All you need are six people with an interest in hand-built cars (well, hand-built anything) and a bit of flexibility re dates. Call Morgan Motors and fix a date for a visit.
Not only are you left to wander through the factory at your own pace (following the marked trail) but you can ask any of the workers questions about what they're doing, etc. This is car manufacturing as you've never seen it: I'm retired - but found they still use hand-machinery and tools at Morgan Cars that I had used as a young apprentice, and thought had long been thrown away! The cars are built to order (look for the customer names and countries they come from).They all have an ash-wood frame, covered by hand-beaten panels - watch the craftsmen wood-working, panel-beating and assembling all the parts.
Interesting showroom of old and new cars at the start - but no "sales-pitch".
Malvern Museum is housed in the gateway to the former Malvern Priory, all that now remains of this Benedictine monastic house apart from the Priory church.
It is a small museum, but interesting with rooms devoted to different periods in Malvern's history: the Medieval period, when the priory was a thriving monastic community; the late eighteenth and nineteenth centuries, when Malvern was famous as a spa town; Victorian times; and the more modern period, when Malvern's claims to fame were Elgar, radar and Morgan cars.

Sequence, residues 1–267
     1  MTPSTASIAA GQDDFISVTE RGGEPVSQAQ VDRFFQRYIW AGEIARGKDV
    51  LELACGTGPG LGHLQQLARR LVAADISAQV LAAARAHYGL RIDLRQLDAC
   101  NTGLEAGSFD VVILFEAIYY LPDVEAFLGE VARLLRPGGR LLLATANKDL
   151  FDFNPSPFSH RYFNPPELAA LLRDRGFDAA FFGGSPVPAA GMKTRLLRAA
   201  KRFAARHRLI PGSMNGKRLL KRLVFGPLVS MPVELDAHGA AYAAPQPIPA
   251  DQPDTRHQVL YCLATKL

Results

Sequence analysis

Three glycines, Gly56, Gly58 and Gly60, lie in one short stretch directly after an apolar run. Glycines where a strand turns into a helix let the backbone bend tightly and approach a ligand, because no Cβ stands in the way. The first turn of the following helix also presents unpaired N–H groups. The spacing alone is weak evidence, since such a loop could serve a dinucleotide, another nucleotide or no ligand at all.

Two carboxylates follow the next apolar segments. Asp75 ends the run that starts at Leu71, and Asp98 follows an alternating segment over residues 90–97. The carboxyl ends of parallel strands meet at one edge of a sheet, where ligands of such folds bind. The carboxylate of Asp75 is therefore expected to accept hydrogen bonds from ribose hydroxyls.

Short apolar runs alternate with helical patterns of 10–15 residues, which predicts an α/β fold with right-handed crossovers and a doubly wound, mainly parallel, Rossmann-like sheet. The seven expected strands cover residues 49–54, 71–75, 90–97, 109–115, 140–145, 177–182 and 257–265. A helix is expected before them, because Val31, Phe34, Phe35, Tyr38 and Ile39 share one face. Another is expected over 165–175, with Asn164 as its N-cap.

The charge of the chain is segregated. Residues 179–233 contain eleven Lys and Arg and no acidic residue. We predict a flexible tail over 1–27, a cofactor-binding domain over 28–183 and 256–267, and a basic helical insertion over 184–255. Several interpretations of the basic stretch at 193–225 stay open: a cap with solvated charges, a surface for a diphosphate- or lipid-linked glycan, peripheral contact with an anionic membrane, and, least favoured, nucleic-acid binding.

Admission cost £1.50 (GPB) when we visited in August 2006.
You can collect your thoughts while walking along through the magnificent scenery with fantastic views.
There used to be a cafe on the top of the hill but, sadly, it was demolished. It quenched many a weery travellers thirst for numerous years. you have to bring your own refreshment with you these days.
The Malvern Hills are some of the prettiest around and a walk along the top of them is well worth it. The view from the top of Beacon is second to none, you can see for miles around. St annes Well is on the side of the hills, here you can tste natural spring water, the very same that is bottled and seen in shops all over the country. British Camp is a favourite of mine, it is a Iron Age Hill Fort carved out on top of the hill and is fairly intact.
There are more hills to walk over but these are the main ones.
Malvern is at the foot of a very popular hill, or ridge of hills. They are administered as "Common land" by the "Malvern Conservators". During the Victorian heyday of the town various footpaths, of different gradiants, were laid out. Along the ridge, or running close to it, is a long distance footpath. This is the "Worcestershire Way" and is waymarked along the whole of its length. It goes from the most northerly point in Worcestershire, more or less along its westerly boundary and ends at the county's most southerly point. It is about 130/140km, or 70/80 miles long. (It's very difficult for me to know, as whilst I have walked 50 miles, a considerable extension has been added).